The third category of allegedly untruthful statements concerns representations made by New Age regarding the timing of Canoy's retrieval of Smiecinski's e-mails. (Id. at 13-14.) Specifically, Canoy recalled at her deposition that she retrieved Smiecinski's e-mails on the evening of September 28, 2004, and presented the e-mails to Kennedy. Kennedy then presented the e-mails to Tally and Gable. At Tally's deposition, Tally was shown a stack of e-mails and identified the stack as the e-mails shown to her by Kennedy. The stack of e-mails contained e-mails that were sent and received by Smiecinski on September 29, 2004. From the fact that the stack of e-mails identified by New Age's management as having been retrieved and reviewed on September 28 contained e-mails dated September 29, Smiecinski insists that a finder of fact could reasonably infer that a causal connection exists between Smiecinski's protected activity and her termination. But the fact that the stack of e-mails identified by Talley contained e-mails from September 29 proves only that New Age's management retrieved and reviewed Smiecinski's emails up to the time of Smiecinski's termination.

The fourth category of allegedly untruthful statements concerns New Age's allegedly shifting reasons for terminating Smiecinski (id. at 13) and is best addressed in the context of whether New Age's proffered reasons for terminating Smiecinski were pretextual.

Even if Smiecinski could establish a causal link between her complaint of harassment and her termination, and this court concludes that she cannot, Smiecinski's claim nevertheless would fail because she cannot show that New Age's proffered reason for her termination was a pretext for retaliation. If the plaintiff establishes a prima facie claim of retaliation, the burden shifts to the defendant to come forward with a legitimate, nondiscriminatory reason for taking adverse action against the plaintiff. Worth v. Tyer, 276 F.3d 249, 265 (7th Cir. 2001). If the defendant satisfies its burden, the burden then shifts back to the plaintiff to prove that the reason offered by the defendant was a mere pretext for retaliation. Id. Pretext means "more than just faulty reasoning or mistaken judgment on the part of the employer; it is a lie, specifically a phony reason for some action." Argyropoulos, 539 F.3d at 736 (internal quotation marks and citation omitted). A plaintiff may establish pretext with evidence that the defendant was "more likely than not motivated by a discriminatory reason or that [its] explanations are not worthy of credence." O'Neal v. City of New Albany, 293 F.3d 998, 1005 (7th Cir. 2002). For example, when an employer gives one reason at the time of the termination but later gives another reason, which is unsupported by the evidence, a fact finder could reasonably conclude that the new reason was pretextual. Id. at 1005-06.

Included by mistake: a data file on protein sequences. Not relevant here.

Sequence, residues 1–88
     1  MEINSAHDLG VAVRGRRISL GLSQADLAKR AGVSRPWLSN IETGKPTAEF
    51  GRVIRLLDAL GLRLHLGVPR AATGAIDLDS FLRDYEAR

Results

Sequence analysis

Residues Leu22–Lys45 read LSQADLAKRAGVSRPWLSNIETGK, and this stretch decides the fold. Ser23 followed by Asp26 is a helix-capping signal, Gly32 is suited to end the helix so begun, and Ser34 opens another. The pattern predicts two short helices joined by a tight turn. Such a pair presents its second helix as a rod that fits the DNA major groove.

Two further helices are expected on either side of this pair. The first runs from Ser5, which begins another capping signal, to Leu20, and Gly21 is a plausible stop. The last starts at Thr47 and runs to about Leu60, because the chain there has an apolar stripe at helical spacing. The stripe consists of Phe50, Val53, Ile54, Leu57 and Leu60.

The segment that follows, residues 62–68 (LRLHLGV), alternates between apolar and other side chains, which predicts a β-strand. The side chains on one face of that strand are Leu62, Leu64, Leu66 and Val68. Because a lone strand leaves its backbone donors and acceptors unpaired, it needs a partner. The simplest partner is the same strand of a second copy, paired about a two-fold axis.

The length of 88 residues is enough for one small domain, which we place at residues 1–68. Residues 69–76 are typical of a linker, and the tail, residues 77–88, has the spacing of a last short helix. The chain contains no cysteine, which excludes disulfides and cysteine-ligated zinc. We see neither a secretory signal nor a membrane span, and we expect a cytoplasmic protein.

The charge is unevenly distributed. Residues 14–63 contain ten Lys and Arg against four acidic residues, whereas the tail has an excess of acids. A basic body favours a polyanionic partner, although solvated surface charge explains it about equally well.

New Age explained that it terminated Smiecinski because she violated Canoy and Kennedy's directive that she not discuss with anyone the subject of their September 28, 2004 meeting and because Smiecinski violated the company's telecommunications policy. Smiecinski contends, however, that New Age has given inconsistent reasons for the termination such that a jury could reasonably conclude that New Age's non-discriminatory reasons were pretextual. In particular, Smiecinski points to one sentence from a letter written by New Age's then-attorney to the Illinois Department of Human Rights stating, "New Age want to emphasize that [Smiecinski] was not discharged because of her abuse of email." Smiecinski then argues that the attorney's statement is inconsistent with the explanations New Age now gives for terminating Smiecinski. But Smiecinski took the sentence out of context. The paragraph continued: "[Smiecinski's] discharge was for her specific disregard for the directions given to her by her supervisor during her employee review on September 28, 2004, as well as her disregard for company policy."

Thus, the reasons New Age gave to the Department of Human Rights to justify Smiecinski's termination are entirely consistent with the reasons New Age gave to Smiecinski at the time of her termination as well as the reasons New Age has asserted throughout this litigation. Consequently, Smiecinski has failed to establish a disputed issue of fact, on this basis alone or in combination with the timing of Smiecinski's termination, as to whether New Age's explanation for Smiecinski's termination was a pretext for an unlawful termination.

Conclusion

For the foregoing reasons, the court grants summary judgment in favor of defendant New Age Transportation, Distribution and Warehousing, Inc. Judgment is ordered entered. The case is terminated in its entirety.

James F. Holderman Chief Judge

20081015